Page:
I'm ending my week by welcoming a wonderful Aussie writer of romance to the blog to tell me a little about her writing journey so far.
Check it out...
Renée Dahlia is an unabashed romance reader who loves feisty women and strong, clever men. Her books reflect this, with a sidenote of dark humour. Renée has a science degree in physics. When not distracted by the characters fighting for attention in her brain, she works in the horse-racing industry doing data analysis and writing magazine articles. When she isn’t reading or writing, Renée spends her time with her partner and four children, volunteers on the local cricket club committee, and is the Secretary of Romance Writers Australia.
The fourth book in the Merindah Park series will be out in May 2020.
A rural romance series set around an emerging racehorse stud in Victoria, Australia, and the family desperately trying to make their racing dreams come true.
Four siblings own the farm Merindah Park - John, Shannon, and twins Rachel and Serena. Since the death of their gambling addicted father five years ago, the siblings have worked hard to bring the farm back to prosperity. Each book works as a stand-alone, with the farm tying the series together.
Learn about Renee's books here!
Making Her Mark
Two Hearts Healing
Who are you and what do you write?
I’m Renee Dahlia and I write romance, both historical and contemporary, and with a range of romantic pairings, eg not just heterosexual. My latest series is Merindah Park, a high heat Australian rural romance set on a horse farm. In June, I have a lesbian historical releasing with Carina Press called Her Lady’s Honor which will be the first in a new series.
Where and when and how did the writing life begin for you?
I come from a family of story tellers but studied science at university to avoid having to do any writing. While growing up, we didn’t have a television, so I read a lot. Eventually, after a few different jobs, I ended up doing some writing for a magazine; basically taking a question, applying statistics to a data set and writing up the answer in a way that non-mathematically inclined people could understand. I discovered I enjoyed writing, and I ended up working as a freelance writer and data analyst. When I lost a couple of clients in 2016, I had some time open up in my schedule and I thought I’d try and write a book as a personal challenge. I wrote a romance because that’s what I love reading.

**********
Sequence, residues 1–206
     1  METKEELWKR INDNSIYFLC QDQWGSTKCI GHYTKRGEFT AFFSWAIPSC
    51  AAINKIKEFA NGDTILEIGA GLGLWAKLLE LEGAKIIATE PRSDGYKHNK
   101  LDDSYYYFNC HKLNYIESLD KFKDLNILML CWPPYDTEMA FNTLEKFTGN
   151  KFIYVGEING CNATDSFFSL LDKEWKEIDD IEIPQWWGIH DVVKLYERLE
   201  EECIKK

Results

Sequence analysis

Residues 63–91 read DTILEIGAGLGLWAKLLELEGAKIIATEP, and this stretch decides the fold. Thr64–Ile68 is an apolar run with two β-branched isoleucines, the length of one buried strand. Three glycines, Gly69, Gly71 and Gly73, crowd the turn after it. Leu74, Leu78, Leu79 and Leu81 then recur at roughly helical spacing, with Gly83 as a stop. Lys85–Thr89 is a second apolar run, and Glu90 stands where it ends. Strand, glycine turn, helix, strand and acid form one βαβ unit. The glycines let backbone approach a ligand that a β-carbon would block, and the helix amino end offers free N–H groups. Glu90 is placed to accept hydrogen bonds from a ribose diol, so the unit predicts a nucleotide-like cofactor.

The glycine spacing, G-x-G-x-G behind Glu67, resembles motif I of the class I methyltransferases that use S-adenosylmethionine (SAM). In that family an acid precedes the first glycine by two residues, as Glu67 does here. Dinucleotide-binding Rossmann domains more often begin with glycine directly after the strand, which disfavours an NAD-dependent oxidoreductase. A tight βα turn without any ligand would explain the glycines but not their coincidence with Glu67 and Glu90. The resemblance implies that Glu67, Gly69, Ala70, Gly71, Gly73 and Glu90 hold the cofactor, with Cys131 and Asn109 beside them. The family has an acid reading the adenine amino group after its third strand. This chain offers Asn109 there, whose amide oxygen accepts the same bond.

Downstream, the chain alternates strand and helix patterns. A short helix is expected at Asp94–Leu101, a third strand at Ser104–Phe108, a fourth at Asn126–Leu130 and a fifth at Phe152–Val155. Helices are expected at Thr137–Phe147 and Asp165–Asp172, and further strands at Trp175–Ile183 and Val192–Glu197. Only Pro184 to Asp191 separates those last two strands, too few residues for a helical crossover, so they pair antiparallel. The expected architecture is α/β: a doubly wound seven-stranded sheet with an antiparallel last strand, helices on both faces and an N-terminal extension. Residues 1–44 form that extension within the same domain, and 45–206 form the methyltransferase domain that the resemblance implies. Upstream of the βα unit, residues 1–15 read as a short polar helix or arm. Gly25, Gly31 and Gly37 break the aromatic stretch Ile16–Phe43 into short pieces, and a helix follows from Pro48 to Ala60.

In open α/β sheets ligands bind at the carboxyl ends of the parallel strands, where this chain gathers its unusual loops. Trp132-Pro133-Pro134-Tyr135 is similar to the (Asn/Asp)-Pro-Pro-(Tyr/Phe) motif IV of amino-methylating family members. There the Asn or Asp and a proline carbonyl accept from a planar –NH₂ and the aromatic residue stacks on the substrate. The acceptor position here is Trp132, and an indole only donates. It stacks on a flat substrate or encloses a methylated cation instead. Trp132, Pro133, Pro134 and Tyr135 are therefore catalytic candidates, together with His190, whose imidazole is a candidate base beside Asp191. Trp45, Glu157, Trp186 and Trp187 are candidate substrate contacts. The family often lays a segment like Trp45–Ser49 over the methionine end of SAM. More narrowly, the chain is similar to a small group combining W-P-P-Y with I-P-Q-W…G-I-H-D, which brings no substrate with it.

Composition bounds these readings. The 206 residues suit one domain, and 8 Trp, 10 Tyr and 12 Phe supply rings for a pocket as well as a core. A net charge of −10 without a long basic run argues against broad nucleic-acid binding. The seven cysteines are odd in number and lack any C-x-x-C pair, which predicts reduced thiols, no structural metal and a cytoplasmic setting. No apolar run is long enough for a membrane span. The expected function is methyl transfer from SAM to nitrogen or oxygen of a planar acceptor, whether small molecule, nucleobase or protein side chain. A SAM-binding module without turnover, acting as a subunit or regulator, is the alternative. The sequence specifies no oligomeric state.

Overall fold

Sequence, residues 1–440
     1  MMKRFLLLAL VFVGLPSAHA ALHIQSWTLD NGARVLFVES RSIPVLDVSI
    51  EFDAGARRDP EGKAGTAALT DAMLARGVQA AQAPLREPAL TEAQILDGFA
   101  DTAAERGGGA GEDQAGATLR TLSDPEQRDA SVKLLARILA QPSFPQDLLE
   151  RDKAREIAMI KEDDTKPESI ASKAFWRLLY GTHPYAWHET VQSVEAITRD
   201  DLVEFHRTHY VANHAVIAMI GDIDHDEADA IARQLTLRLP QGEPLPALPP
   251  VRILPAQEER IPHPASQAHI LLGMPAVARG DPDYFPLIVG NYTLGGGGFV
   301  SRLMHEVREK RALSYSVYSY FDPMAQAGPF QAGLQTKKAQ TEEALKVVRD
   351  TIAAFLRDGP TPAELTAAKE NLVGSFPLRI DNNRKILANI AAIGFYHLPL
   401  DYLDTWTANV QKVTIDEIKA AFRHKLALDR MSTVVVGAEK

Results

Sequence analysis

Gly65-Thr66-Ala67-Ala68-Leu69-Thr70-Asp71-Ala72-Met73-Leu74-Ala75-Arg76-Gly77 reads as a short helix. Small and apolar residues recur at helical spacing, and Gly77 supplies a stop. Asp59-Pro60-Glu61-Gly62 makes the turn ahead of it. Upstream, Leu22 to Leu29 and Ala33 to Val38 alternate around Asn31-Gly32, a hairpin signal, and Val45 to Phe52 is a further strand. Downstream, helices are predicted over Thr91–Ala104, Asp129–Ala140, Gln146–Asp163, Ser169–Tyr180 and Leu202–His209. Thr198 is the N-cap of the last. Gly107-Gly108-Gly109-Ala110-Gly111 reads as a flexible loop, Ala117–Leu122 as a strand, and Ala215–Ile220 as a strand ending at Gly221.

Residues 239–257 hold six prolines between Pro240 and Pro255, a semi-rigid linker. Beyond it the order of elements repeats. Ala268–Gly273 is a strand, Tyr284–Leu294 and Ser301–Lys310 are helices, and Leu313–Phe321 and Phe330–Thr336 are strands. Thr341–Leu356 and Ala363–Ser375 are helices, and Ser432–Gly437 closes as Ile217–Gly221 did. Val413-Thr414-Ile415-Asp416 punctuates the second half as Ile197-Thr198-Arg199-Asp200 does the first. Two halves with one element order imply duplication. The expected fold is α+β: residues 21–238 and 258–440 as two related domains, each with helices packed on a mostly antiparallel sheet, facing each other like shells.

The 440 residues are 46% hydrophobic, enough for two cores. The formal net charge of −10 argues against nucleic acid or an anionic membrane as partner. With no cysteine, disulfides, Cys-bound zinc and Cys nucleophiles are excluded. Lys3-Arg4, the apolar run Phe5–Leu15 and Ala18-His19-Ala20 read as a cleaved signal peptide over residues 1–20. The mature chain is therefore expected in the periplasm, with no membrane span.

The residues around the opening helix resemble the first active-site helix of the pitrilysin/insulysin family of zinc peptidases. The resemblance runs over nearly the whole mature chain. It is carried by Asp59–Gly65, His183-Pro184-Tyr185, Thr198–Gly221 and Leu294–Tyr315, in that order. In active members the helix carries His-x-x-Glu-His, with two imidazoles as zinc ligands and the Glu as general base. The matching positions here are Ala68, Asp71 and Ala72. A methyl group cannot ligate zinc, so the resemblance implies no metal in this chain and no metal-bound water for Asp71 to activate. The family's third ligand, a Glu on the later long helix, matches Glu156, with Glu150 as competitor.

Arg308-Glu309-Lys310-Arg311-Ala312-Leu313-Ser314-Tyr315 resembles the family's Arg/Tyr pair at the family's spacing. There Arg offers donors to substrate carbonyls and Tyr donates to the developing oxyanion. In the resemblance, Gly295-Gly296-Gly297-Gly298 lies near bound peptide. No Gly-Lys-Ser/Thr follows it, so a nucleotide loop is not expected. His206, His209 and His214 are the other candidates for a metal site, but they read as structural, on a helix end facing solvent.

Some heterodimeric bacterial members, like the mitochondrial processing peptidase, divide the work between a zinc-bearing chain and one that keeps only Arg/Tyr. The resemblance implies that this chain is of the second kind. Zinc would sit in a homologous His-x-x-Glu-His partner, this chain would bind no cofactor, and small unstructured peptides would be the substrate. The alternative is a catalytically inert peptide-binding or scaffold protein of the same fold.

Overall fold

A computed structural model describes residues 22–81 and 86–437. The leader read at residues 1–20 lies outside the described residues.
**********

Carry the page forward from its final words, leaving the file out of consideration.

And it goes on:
How has the journey to this point been? Can you give us a basic rundown?
When I finished writing the book I wrote as a challenge to myself, I figured I should do something with it. I attended a writers conference (RWAus) and pitched it to a few publishers. Escape (Harlequin Australia Digital) loved it, published, and suddenly I had a new career option that I’d never really considered before. That book was published in 2017, and I’ve now written 21 books (11 published, the rest in process). I still do some other freelance work, but as I focus on writing books, my freelance work is winding down. Balancing available time is always an issue.
What's been the hardest part of your writing/publishing experience so far? And the most enjoyable?
The most enjoyable is easy. I’ve been really lucky to have my first ever book published, and to continue to have the support of Escape Publishing. Last year, I submitted a book to Carina Press (Harlequin USA/Canada) and that will be released in June 2020. The hardest thing is marketing – I’d rather just write more books – but the world doesn’t work like that, and I have to step outside my comfort zone and tell people about my books. It’s odd, because I’m a social media addict, yet I struggle to do actual marketing, as opposed to chatting to people.
Would you go back and change anything?
No, because every step in this journey has been part of a learning curve. When I first started writing my first novel, I soaked up information on writing craft from everywhere I could. I did every RWAus course they offered for about two years, and after that first conference where I pitched my book, I came home and completely rewrote it before I submitted it so I could put everything I’d learned into the book. Even the choices that have gone wrong – like the series I wrote for Harlequin Dare that got rejected – have been good in the long run. In the end, all writing is practice, and even rejected books are good practice.
Where would you like to be in 5 years time? And 10? Or, what are your plans for the future?
Five years ago, I hadn’t written a book, so I couldn’t have predicted I’d end up here. Who knows what the future will hold? My current plan is to write more, read more, and keep learning. I’m enjoying this career at the moment, so I’ll keep doing it while I can and while publishers keep saying yes to my books.
What's one piece of advice you'd give to new writers just starting out?
Two things. Write. Read. (Both are excellent practice and help improve your craft).
For writers who are looking at submitting work to publishers, my advice would be to read as many of the books recently published by your choice of publisher as possible. You’ll get a good sense of what that acquiring editor likes and whether you’ll fit.
And most importantly...
Ketchup or Mayo? - Aioli (fancy mayo!)
Night or Day? - Day
Inside or Outside? - Outside
Dogs or Cats? - Horses
Twitter or Facebook? - Twitter for news, FB for family, both for friends
Ebook or Paperback? - Both
Sun or Rain? - Sun
Keyboard or Pencil & Notebook? - Keyboard
Comedy or Drama? - Both
Chips or Chocolate? - Chips
Want to guest blog or be interviewed? Got a cover reveal or book coming out?
Get in touch today!